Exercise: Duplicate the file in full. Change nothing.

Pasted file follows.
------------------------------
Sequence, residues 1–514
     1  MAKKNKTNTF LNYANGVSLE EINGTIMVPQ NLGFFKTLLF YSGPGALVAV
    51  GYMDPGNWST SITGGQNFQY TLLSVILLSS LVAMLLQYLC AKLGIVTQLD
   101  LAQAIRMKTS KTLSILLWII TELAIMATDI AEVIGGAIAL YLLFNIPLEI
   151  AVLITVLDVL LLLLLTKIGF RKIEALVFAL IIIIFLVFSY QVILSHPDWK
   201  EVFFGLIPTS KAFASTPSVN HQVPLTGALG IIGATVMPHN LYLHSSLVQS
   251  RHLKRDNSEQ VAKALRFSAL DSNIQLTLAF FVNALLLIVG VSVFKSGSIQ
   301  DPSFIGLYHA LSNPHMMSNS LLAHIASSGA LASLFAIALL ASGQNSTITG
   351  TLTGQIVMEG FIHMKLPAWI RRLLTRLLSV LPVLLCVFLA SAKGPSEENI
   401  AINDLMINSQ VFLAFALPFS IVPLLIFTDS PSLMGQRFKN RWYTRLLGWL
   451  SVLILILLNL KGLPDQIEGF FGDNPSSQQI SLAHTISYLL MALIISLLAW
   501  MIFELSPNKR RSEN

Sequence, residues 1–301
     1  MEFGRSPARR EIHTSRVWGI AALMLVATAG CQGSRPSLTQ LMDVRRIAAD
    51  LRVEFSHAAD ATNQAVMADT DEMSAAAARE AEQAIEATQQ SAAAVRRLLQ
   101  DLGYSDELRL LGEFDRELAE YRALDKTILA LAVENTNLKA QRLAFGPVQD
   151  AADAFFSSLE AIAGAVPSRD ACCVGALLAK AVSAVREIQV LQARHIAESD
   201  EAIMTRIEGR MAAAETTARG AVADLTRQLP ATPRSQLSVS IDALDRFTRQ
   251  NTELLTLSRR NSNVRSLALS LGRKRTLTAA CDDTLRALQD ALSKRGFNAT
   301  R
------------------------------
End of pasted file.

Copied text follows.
Sequence, residues 1–514
     1  MAKKNKTNTF LNYANGVSLE EINGTIMVPQ NLGFFKTLLF YSGPGALVAV
    51  GYMDPGNWST SITGGQNFQY TLLSVILLSS LVAMLLQYLC AKLGIVTQLD
   101  LAQAIRMKTS KTLSILLWII TELAIMATDI AEVIGGAIAL YLLFNIPLEI
   151  AVLITVLDVL LLLLLTKIGF RKIEALVFAL IIIIFLVFSY QVILSHPDWK
   201  EVFFGLIPTS KAFASTPSVN HQVPLTGALG IIGATVMPHN LYLHSSLVQS
   251  RHLKRDNSEQ VAKALRFSAL DSNIQLTLAF FVNALLLIVG VSVFKSGSIQ
   301  DPSFIGLYHA LSNPHMMSNS LLAHIASSGA LASLFAIALL ASGQNSTITG
   351  TLTGQIVMEG FIHMKLPAWI RRLLTRLLSV LPVLLCVFLA SAKGPSEENI
   401  AINDLMINSQ VFLAFALPFS IVPLLIFTDS PSLMGQRFKN RWYTRLLGWL
   451  SVLILILLNL KGLPDQIEGF FGDNPSSQQI SLAHTISYLL MALIISLLAW
   501  MIFELSPNKR RSEN

Sequence, residues 1–301
     1  MEFGRSPARR EIHTSRVWGI AALMLVATAG CQGSRPSLTQ LMDVRRIAAD
    51  LRVEFSHAAD ATNQAVMADT DEMSAAAARE AEQAIEATQQ SAAAVRRLLQ
   101  DLGYSDELRL LGEFDRELAE YRALDKTILA LAVENTNLKA QRLAFGPVQD
   151  AADAFFSSLE AIAGAVPSRD ACCVGALLAK AVSAVREIQV LQARHIAESD
   201  EAIMTRIEGR MAAAETTARG AVADLTRQLP ATPRSQLSVS IDALDRFTRQ
   251  NTELLTLSRR NSNVRSLALS LGRKRTLTAA CDDTLRALQD ALSKRGFNAT
   301  R